Launch of ‘Cloud-Proof’ Earth Observation Spy Satellite RISAT-2B (Download PDF)

()

Download PDF of This Page (Size: 268.32 K)

The Indian Space Research Organisation (ISRO) launched an earth observation spy satellite RISAT-2B on 22 May 2019. This spy satellite can take high resolution images of the earth during day and night. The satellite can work under cloudy conditions to keep an eye on terror camps across the border in Pakistan. This satellite will replace its predecessor RISAT-2. RISAT-2 has been actively used by India for monitoring terror camps across the border so as to thwart infiltration bids by the terrorists. The RISAT satellite was first launched in the year 2009.

This is image show in all Season Satellite

This is Image Show in All Season Satellite

This is image show in all Season Satellite

RISAT 2B Features & Overview

  • For surveillance purpose Radar imaging is important, as it does not require sunlight or clear skies to be able to observe its target.

  • A spacecraft equipped with SAR can observe at night and its radio waves can propagate through cloudy skies.

  • The RISAT-2B satellite uses X-band synthetic aperture radar for the first time.

  • Its X-band synthetic aperture radar can give added details such as size of objects on Earth, structures, movement and change.

  • The satellite will be able to detect objects with dimensions of as little as a metre since it has high resolution.

  • This capacity to study small objects and also movement could be useful for surveillance.

  • The satellite could be used for civil and strategic purposes.

  • RISAT-2B will have an inclined orbit of 37 degrees, which will allow more frequent observations over the Indian subcontinent.

  • With ISRO planning to launch four more such radar imaging satellites in a year, its ability to monitor crops and floods as well as engage in military surveillance will be greatly enhanced.

  • Unlike visible light, microwaves have longer wavelength and so will not be susceptible to atmospheric scattering.

  • Microwave radiation can thus easily pass through the cloud cover, haze and dust, and image the ground.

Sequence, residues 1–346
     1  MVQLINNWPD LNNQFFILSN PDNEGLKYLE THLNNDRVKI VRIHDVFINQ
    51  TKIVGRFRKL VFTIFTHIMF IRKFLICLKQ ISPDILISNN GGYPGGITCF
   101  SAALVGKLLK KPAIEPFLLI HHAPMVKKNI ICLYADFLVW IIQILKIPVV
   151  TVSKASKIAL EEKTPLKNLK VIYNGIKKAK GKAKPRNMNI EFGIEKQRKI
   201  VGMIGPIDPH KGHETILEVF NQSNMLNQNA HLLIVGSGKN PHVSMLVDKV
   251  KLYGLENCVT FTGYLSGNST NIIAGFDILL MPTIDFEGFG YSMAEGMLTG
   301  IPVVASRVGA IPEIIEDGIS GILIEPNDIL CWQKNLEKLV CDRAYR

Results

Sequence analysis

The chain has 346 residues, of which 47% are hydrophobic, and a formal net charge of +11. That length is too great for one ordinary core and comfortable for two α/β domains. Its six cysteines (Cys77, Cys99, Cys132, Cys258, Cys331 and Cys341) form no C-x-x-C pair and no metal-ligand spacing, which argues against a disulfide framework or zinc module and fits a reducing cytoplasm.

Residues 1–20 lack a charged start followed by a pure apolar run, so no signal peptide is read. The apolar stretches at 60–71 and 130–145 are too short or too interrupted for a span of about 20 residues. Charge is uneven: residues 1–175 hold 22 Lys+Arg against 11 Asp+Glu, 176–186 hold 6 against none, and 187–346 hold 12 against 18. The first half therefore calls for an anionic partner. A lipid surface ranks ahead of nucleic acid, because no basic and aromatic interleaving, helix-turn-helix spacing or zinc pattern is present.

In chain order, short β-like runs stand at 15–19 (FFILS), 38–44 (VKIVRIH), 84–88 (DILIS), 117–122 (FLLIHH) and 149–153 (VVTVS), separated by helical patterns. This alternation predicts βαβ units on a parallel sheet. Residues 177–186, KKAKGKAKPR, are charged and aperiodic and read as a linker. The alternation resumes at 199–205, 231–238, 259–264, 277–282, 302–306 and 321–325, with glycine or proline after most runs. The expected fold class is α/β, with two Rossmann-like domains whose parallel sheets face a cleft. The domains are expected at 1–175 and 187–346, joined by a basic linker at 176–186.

• With the use of Microwave radiation RISAT-2B satellite will be able to image under almost all weather and environmental conditions.

  • It will be able to image the ground during both day and night since it doesn’t rely on visible light.

  • RISAT-2B will be transmitting hundreds of microwave pulses each second towards the ground and receiving the signals reflected by the objects using radar.

  • The moisture and texture of the object will determine the strength of the microwave signal that gets reflected.

  • While the strength of the reflected signal will help determine different targets, the time between the transmitted and reflected signals will help determine the distance to the object.

  • A Synthetic Aperture Radar (SAR) or SAR, is a coherent mostly airborne or space borne side looking radar system which utilizes the flight path of the platform to simulate an extremely large antenna, and that generates high-resolution remote sensing imagery.

  • The signal processing uses magnitude and phase of the received signals over successive pulses from elements of a synthetic aperture.

  • After a given number of cycles, the stored data is recombined to create a high-resolution image of the terrain being over flown.

Applications

  • Crop monitoring during the monsoon season,

  • Forestry mapping for forest fires and deforestation,

  • Flood mapping as part of the national disaster management programme.

  • Well Capable of collecting ground imageries during rains and despite dust, clouds or darkness and during all seasons thereby ensuring continuous and reliable data.

- Published/Last Modified on: August 7, 2019

Science/Technology

Doorsteptutor material for CLAT GK-Current-Affairs is prepared by worlds top subject experts- fully solved questions with step-by-step exaplanation- practice your way to success.

Developed by: